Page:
In the small study (subscription required), pairs of patients and caregiver participated in an eight-week mindfulness program. Patients were diagnosed with dementia due to Alzheimer’s disease or mild cognitive impairment, often a precursor to dementia. Caregivers included spouses, adult children or other relatives. The training was designed specifically to meet the needs of  individuals with memory loss due to terminal neurodegenerative illness and their caregivers. Researchers evaluated participants within two weeks of starting the program and two weeks of completing it.  Lead author Ken Paller, PhD, explained the results in a release:

We saw lower depression scores and improved ratings on sleep quality and quality of life for both groups… After eight sessions of this training we observed a positive difference in their lives.

Mindfulness involves attentive awareness with acceptance for events in the present moment… You don’t have to be drawn into wishing things were different. Mindfulness training in this way takes advantage of people’s abilities rather than focusing on their difficulties

Since caregivers often have limited personal time, mindfulness programs that accommodate them as well as patients could be an effective approach to helping both groups regularly attend sessions, said researchers.

The findings were published Monday in the American Journal of Alzheimer’s Disease and Other Dementias.

Previously: Regularly practicing hatha yoga may improve brain function for older adults, Study suggests yoga may help caregivers of dementia patients manage stress and How mindfulness-based therapies can improve attention and health
Photo by Alex

Aging, Autoimmune Disease, Immunology, Infectious Disease, Research, Stanford News

Our aging immune systems are still in business, but increasingly thrown out of balance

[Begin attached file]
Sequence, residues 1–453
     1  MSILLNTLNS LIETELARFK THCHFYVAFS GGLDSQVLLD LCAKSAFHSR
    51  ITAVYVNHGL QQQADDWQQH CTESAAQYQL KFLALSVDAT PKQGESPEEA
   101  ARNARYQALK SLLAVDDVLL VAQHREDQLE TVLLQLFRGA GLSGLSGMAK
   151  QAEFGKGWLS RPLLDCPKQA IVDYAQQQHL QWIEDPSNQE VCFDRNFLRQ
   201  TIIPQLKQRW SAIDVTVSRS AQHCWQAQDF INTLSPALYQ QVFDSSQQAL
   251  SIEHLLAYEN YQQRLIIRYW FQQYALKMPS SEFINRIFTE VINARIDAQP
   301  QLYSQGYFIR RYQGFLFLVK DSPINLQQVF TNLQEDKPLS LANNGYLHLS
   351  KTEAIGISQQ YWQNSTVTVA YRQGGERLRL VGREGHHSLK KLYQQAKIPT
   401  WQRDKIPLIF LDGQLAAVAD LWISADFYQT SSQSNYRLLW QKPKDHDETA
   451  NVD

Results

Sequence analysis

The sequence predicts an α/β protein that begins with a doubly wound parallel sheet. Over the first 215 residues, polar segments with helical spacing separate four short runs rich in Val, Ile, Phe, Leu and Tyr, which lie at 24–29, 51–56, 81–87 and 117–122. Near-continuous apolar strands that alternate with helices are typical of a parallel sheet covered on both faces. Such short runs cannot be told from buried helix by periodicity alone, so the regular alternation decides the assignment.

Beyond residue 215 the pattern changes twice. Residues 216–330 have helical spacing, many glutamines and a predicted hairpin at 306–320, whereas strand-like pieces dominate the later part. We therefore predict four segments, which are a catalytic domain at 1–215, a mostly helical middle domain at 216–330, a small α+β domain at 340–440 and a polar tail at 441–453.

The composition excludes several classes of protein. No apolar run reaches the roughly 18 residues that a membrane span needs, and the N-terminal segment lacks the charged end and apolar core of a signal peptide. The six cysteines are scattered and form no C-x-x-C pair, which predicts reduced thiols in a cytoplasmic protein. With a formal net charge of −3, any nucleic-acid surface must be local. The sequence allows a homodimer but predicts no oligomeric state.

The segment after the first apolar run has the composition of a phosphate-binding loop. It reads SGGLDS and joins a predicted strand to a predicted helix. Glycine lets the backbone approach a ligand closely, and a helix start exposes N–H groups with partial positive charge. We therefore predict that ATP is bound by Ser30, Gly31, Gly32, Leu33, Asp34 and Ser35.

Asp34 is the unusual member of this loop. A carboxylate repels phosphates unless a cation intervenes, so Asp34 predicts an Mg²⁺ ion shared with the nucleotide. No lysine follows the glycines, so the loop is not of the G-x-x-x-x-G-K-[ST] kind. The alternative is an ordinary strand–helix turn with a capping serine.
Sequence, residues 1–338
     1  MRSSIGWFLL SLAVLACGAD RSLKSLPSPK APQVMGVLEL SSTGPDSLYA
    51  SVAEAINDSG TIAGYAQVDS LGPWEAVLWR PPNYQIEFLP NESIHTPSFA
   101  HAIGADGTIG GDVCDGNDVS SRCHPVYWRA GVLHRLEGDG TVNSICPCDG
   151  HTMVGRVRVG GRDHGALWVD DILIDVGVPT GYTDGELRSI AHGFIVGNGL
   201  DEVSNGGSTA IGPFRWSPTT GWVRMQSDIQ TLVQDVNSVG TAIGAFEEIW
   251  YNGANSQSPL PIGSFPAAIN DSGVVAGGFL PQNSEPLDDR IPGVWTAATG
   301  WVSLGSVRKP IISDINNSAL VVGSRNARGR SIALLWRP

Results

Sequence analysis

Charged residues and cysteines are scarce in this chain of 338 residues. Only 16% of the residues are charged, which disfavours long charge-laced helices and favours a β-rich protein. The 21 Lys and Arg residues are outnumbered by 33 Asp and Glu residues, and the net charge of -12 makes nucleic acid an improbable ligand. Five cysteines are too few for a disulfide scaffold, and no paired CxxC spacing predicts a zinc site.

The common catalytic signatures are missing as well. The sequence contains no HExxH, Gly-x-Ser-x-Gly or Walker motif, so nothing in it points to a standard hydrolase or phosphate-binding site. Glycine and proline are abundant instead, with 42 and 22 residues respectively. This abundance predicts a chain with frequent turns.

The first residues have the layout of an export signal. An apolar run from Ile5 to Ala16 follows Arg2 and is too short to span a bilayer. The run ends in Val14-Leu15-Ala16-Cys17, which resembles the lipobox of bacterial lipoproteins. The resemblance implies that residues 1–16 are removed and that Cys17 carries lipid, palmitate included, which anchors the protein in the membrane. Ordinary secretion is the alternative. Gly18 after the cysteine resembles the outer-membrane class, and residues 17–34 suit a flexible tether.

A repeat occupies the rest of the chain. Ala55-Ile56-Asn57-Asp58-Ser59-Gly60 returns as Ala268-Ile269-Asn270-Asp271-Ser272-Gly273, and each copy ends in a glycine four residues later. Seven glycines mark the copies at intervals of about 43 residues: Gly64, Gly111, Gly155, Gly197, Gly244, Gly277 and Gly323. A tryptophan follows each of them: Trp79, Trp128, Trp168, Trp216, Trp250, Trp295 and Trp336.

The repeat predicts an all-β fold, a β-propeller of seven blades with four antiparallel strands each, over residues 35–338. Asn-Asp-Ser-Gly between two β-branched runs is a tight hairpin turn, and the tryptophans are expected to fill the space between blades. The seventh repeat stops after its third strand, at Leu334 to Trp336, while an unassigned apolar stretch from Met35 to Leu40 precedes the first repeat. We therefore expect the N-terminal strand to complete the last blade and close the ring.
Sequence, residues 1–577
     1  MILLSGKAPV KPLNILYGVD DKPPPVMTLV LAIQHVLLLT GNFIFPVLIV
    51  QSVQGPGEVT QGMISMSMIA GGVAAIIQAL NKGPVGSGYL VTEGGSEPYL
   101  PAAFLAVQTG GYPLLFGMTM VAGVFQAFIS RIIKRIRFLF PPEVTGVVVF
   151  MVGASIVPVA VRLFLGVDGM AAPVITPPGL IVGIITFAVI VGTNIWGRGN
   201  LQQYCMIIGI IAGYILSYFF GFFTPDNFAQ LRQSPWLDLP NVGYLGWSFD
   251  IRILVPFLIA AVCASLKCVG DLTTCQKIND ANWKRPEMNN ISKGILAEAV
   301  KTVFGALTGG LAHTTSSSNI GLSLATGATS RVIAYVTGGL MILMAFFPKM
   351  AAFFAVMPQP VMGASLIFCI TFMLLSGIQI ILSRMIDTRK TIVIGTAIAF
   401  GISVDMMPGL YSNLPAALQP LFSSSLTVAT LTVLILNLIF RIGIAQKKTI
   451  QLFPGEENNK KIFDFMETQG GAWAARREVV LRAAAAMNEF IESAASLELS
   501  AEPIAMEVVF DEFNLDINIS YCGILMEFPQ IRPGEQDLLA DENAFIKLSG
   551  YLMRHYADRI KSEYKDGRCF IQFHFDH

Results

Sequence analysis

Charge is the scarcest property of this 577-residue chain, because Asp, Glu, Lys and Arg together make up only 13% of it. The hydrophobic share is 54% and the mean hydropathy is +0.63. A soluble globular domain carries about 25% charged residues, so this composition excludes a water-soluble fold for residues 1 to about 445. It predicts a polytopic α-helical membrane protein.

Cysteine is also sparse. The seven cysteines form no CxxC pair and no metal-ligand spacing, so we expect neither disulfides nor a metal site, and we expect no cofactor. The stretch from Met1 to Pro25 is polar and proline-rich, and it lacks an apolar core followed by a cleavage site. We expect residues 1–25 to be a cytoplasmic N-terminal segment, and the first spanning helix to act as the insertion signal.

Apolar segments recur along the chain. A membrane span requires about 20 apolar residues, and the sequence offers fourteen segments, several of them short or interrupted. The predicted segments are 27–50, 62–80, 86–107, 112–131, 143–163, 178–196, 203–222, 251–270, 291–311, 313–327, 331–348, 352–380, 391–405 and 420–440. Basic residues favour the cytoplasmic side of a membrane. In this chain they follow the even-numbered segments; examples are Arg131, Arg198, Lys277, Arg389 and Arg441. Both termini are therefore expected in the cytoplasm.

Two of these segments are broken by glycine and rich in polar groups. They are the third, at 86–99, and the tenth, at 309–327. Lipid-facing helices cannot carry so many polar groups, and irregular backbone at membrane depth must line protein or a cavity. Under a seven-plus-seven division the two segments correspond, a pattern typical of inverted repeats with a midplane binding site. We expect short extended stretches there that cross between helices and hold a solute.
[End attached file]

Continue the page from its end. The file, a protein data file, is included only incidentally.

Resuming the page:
Our aging immune systems are still in business, but increasingly thrown out of balance

business as usual

Stanford immunologist Jorg Goronzy, MD, told me a few years ago that a person’s immune response declines slowly but surely starting at around age 40. “While 90 percent of young adults respond to most vaccines, after age 60 that response rate is down to around 40-45 percent,” he said. “With some vaccines, it’s as low as 20 percent.”

A shaky vaccine response isn’t the only immune-system slip-up. With advancing age, we grow increasingly vulnerable to infection (whether or not we’ve been vaccinated), autoimmune disease (an immune attack on our own tissues) and cancer (when a once well-behaved cell metamorphoses into a ceaselessly dividing one).

A new study led by Goronzy and published in Proceedings of the National Academy of Sciences, suggests why that may come about. The culprit he and his colleagues have fingered turns out not to be the most likely suspect: the thymus.

This all-important organ’s job is to nurture an army of specialized  immune cells called T cells. (The “T” is for “Thymus.”) T cells are capable of recognizing and mounting an immune response to an unbelievably large number of different molecular shapes, including ones found only on invading pathogens or on our own cells when they morph into incipient tumor cells.

Exactly which feature a given T cell recognizes depends on the structure of a receptor molecule carried in abundance on that T cell’s surface.  Although each T cell sports just one receptor type, in the aggregate the number of different shapes T-cells recognize is gigantic, due to a high rate of reshuffling and mutation in the genes dictating their receptors’ makeup. (Stanford immunologist Mark Davis, PhD, perhaps more than any other single individual,  figured out in the early 1980s how this all works.)

T cells don’t live forever, and their generation from scratch completely depends on the thymus. Yet by our early teens the organ,  situated  in front of the lungs at the midpoint of our chest, starts shriveling up and replaced by (sigh – you knew this was coming)  fat tissue.